However, if you pay more attention to the form of the shots, the more likely you would be able to try to distinguish symptoms from the possible truth by maintaining a distance, by questioning whether the things you see have been distorted. The scenes that Annie visits her friend, Joan, who she met due to their pain of losing their children, offer important clues. The last time Anne visits Joan’s apartment, the scene seems to give the audience more information about Joan’s involvement in a cult. However, the scene beginning with an upside-down shot left the actuality of Annie ever entering the building itself (and the following scenes) in doubt. This could be compared to the earlier scenes in which Annie passed through the entrance. The first time there seems to be a neutral visit and the mirrors did not reflect anything. The second time it got weird (with Joan’s introduction of the séance to Annie, which leads to Annie’s obsession of getting in touch with the spirit) and the mirror reflects Joan’s face next to Annie’s, suggesting that Annie’s encounter with Joan might be true, but what is presented to us could have already been reflected and distorted by Annie’s mind.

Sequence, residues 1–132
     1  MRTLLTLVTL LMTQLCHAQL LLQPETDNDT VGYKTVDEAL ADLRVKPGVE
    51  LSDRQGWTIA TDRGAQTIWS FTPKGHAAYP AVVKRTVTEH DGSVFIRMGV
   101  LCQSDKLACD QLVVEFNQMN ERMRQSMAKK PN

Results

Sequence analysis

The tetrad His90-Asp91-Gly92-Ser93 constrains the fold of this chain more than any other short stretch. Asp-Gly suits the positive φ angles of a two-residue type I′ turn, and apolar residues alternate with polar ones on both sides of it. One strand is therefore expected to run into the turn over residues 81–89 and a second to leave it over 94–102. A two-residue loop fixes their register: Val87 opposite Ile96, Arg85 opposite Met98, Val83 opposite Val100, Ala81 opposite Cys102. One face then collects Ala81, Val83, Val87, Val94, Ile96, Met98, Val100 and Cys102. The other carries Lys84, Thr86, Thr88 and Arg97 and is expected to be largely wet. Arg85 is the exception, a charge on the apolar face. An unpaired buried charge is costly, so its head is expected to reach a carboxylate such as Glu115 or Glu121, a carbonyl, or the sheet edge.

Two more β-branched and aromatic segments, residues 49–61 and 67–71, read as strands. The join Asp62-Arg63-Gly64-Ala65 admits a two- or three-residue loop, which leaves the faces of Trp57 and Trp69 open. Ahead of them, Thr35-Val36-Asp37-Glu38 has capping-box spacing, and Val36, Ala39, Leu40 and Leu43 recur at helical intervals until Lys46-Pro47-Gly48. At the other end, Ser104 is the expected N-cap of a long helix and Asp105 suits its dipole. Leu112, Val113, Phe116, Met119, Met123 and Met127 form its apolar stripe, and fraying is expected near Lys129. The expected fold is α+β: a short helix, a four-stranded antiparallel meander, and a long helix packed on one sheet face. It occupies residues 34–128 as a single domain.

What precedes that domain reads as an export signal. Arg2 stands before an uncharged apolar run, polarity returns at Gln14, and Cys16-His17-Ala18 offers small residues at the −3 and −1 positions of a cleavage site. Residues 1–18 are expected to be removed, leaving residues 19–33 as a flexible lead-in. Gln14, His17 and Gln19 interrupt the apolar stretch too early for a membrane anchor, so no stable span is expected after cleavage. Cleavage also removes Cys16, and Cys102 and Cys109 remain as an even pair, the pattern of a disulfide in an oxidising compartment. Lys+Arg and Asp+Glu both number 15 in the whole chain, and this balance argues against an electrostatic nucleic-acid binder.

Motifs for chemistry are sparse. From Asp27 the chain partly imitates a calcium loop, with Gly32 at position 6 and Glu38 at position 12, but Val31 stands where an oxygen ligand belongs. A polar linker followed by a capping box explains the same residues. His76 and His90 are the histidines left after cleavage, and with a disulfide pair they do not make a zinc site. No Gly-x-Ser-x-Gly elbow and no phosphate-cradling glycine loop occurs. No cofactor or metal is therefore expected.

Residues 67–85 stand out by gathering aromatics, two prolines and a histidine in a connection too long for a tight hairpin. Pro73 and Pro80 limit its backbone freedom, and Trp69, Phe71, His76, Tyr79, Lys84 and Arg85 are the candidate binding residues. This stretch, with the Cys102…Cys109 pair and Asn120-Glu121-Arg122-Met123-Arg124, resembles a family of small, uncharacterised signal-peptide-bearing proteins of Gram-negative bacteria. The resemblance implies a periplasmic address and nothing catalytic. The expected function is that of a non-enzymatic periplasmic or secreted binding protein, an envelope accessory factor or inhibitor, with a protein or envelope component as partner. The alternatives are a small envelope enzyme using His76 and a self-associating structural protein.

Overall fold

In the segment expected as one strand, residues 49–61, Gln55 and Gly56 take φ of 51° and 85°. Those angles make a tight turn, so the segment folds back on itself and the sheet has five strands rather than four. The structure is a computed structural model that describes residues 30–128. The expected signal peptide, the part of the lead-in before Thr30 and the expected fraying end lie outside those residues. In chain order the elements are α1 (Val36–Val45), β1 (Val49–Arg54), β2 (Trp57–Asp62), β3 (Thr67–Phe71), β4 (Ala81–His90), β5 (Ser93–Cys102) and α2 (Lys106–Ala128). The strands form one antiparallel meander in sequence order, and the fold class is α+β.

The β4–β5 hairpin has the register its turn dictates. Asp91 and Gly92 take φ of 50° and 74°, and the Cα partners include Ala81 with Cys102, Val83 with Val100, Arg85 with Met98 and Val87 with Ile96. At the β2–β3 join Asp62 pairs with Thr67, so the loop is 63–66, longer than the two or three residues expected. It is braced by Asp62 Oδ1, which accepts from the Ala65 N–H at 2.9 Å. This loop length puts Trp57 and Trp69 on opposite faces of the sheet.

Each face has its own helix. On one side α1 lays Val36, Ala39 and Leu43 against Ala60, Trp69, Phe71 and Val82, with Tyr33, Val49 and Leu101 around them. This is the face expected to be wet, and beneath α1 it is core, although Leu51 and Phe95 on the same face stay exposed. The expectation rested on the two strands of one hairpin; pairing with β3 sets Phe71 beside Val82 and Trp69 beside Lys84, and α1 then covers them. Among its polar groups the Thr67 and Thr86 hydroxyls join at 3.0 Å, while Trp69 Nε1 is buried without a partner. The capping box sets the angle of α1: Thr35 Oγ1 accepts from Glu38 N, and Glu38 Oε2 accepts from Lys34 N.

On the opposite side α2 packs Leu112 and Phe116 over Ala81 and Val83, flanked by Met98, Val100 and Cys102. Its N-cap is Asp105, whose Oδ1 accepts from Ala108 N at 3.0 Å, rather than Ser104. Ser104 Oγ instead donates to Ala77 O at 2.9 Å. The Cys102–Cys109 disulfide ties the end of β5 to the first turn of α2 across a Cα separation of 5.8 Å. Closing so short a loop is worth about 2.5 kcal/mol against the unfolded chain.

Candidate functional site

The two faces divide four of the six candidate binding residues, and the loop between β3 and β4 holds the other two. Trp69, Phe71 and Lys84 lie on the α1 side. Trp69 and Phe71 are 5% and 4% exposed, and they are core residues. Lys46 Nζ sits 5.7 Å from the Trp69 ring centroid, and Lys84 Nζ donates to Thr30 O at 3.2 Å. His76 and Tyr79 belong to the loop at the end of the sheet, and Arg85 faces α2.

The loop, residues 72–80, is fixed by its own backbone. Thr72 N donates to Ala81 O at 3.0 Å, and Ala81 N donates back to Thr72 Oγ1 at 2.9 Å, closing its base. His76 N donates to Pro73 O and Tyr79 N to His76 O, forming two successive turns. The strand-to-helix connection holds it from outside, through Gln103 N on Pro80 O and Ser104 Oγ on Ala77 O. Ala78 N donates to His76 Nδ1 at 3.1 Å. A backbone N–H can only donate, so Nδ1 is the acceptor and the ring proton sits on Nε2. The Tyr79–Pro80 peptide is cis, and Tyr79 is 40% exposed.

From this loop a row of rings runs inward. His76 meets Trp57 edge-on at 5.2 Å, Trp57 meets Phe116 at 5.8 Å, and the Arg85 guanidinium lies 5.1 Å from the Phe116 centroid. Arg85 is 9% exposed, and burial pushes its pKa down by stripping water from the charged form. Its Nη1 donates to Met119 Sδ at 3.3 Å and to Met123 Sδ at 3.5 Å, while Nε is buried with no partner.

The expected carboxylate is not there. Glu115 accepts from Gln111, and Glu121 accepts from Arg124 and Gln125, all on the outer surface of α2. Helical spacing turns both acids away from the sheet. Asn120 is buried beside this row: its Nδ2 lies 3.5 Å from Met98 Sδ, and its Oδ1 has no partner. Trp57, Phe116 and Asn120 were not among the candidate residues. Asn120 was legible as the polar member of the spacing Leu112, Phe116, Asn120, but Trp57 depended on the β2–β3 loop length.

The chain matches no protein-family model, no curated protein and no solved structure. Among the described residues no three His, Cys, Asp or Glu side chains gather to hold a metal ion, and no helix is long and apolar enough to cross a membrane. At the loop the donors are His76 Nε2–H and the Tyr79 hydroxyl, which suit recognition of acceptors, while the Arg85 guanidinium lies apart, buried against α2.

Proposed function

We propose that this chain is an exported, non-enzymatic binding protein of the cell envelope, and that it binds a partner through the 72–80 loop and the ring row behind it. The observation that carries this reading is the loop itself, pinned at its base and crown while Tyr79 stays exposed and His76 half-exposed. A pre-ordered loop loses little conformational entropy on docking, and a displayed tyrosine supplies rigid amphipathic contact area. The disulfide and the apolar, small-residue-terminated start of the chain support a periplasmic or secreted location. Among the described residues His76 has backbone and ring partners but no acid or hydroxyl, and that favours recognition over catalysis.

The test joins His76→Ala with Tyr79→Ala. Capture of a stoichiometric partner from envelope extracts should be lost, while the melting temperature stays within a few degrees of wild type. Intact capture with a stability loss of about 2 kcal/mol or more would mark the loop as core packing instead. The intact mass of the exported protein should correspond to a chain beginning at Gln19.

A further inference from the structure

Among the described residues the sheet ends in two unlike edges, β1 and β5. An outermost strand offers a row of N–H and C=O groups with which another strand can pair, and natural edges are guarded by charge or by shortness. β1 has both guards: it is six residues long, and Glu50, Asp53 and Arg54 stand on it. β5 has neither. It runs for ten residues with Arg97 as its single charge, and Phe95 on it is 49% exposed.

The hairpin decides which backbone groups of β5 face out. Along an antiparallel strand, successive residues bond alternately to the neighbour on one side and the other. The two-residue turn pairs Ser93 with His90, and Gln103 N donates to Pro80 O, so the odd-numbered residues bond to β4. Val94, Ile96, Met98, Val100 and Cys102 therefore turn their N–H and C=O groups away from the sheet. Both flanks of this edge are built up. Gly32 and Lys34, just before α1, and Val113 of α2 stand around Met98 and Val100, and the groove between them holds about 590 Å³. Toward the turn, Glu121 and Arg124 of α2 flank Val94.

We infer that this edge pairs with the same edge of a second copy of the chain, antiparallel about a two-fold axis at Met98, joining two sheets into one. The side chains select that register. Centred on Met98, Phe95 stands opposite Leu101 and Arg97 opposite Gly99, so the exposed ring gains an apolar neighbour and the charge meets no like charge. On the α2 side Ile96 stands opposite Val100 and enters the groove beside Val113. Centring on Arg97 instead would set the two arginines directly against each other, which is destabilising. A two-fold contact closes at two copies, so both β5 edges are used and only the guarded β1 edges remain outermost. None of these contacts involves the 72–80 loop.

The ending scene of King Paimon’s coronation is not only the film’s climax in narration, but is also the high point in reinforcement of form. The off-screen sounds imply auditory hallucinations. Other delusions or visual hallucinations are presented by shallow focus and close-ups that blur the individual’s relationship with the surroundings, emphasizing that the whole play has been “symptomised". The relatively “concrete" shot to establish the composition of people and location is akin to the opening theme as Peter awakens in a dollhouse. In both themes Peter was positioned as if inside his mother’s art craft, hence this seemingly “realistic” shot is somehow retracted into a more inner world. The fact that both the beginning and the end are about a doll-like Peter, echos with the metaphor of the whole movie: the mother Annie who leads the audience to dwell in to the conspiracy is the key person to “building the family" (and as an artist, building the model house), moulds her work as this familial tragedy and most of all, Peter’s tragedy, by maternal genes (causing those psychotic symptoms of Peter and Charlie), and by psychosocial stress (for Peter, his mother’s unforgiveness and illness, the death of loved ones).